You will need 50 strips for this tier. For every 1 inch you added to the top tier, add 1 strip. (one layer cake square equals 10 strips) For every inch you removed, remove 1 strip.

Press seams in one direction.

Once your strips are all stitched together, stitch into a tube.

Trim to length. For our ‘maxi’ skirt we trimmed to 19 inches. Total length of the skirt is 38 inches. This is the perfect time to measure a skirt you love pick your own perfect length. Most purchased tiered skirts are between 34 and 36 inches long, as a guideline. For an average length skirt cut at 18 inches.

Gather your tier using your ruffler attachment, or your favorite method of gathering.

Ours was gathered using the ruffler foot set at 6 and stitch length set at 4.3. Yours may vary.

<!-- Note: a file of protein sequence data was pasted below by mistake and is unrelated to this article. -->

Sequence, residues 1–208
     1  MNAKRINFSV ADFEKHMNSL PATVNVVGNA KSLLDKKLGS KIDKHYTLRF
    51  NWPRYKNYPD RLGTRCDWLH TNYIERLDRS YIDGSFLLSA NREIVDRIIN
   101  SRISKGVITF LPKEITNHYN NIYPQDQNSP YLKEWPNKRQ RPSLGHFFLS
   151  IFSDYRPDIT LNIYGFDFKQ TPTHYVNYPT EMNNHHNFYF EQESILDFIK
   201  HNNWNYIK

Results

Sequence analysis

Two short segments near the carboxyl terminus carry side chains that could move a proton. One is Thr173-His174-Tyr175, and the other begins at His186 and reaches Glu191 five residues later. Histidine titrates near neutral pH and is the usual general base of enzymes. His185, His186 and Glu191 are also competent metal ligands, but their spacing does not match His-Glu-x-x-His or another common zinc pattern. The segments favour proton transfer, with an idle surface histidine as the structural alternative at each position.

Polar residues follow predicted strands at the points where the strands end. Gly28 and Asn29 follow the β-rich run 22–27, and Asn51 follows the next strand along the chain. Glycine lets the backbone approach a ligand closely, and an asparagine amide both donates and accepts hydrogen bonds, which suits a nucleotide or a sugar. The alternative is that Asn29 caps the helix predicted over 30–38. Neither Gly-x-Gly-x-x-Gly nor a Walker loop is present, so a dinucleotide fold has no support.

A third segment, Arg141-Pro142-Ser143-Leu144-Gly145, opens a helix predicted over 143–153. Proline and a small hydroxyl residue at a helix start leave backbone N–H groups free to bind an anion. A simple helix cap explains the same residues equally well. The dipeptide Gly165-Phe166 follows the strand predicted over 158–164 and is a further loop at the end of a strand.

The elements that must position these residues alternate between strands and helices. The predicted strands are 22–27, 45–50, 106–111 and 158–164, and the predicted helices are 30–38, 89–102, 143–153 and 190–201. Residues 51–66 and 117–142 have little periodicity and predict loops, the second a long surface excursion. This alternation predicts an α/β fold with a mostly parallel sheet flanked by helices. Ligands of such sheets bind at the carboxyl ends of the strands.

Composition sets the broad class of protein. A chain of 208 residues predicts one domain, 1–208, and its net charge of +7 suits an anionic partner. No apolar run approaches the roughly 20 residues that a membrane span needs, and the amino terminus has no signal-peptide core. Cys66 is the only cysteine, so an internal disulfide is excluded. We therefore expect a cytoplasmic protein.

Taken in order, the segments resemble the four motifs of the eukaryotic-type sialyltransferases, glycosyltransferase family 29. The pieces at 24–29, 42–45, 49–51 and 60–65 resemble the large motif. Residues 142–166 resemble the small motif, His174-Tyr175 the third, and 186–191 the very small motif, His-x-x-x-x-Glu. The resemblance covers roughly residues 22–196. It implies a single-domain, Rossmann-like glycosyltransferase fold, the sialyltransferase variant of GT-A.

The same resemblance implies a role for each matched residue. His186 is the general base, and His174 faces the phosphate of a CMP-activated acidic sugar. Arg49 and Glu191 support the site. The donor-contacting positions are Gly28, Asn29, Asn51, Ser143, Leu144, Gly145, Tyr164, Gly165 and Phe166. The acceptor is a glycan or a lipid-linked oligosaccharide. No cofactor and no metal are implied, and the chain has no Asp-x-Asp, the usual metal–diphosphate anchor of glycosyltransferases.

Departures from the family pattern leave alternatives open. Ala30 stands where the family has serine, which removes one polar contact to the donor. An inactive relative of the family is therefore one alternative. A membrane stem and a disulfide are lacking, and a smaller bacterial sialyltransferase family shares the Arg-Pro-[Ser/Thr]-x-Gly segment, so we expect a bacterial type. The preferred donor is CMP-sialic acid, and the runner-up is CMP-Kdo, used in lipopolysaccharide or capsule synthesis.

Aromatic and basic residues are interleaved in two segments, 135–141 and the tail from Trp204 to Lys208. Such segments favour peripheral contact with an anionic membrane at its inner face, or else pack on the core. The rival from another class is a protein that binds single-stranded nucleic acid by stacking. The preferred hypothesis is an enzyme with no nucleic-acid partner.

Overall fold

Pin your ruffled strip to your top tier. Stitch together.

Woo hoo , it looks like a skirt now doesn’t it!
Randomly select 20 layer cake pieces from your remaining pile for your last tier. For every 5 strips you added to your second tier, add 2 layer cakes pieces. For every 5 strips you removed subtract 2 layer cake pieces. Its not critical that you add or remove at this point. Its going to be ruffly regardless.

Gather at the same settings used before. Attach gathered layer cake tier to strip tier.

How cute is this?

Hem your skirt by turning up bottom tier 1/4 inch, then again 1/4 inch, for a nice small hem. For a more casual look, stitch 1/4 inch from the pinked edge and let it get that frayed look. Its summer fun, go for it!

From your 1/2 yard of waistband fabric cut (2) 2 3/4 inch strips. Stitch short ends together for one long strip and trim to 48 inches OR the measurement of the top of your skirt, if you made any alterations.